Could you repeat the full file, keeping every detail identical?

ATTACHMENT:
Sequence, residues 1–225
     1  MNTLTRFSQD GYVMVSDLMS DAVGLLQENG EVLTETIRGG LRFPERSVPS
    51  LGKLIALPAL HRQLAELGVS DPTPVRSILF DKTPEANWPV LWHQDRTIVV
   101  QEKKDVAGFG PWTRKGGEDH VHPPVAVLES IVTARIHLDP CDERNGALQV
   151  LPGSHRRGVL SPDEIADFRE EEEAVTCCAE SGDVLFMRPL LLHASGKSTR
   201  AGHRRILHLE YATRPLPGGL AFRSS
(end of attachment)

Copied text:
Sequence, residues 1–225
     1  MNTLTRFSQD GYVMVSDLMS DAVGLLQENG EVLTETIRGG LRFPERSVPS
    51  LGKLIALPAL HRQLAELGVS DPTPVRSILF DKTPEANWPV LWHQDRTIVV
   101  QEKKDVAGFG PWTRKGGEDH VHPPVAVLES IVTARIHLDP CDERNGALQV
   151  LPGSHRRGVL SPDEIADFRE EEEAVTCCAE SGDVLFMRPL LLHASGKSTR
   201  AGHRRILHLE YATRPLPGGL AFRSS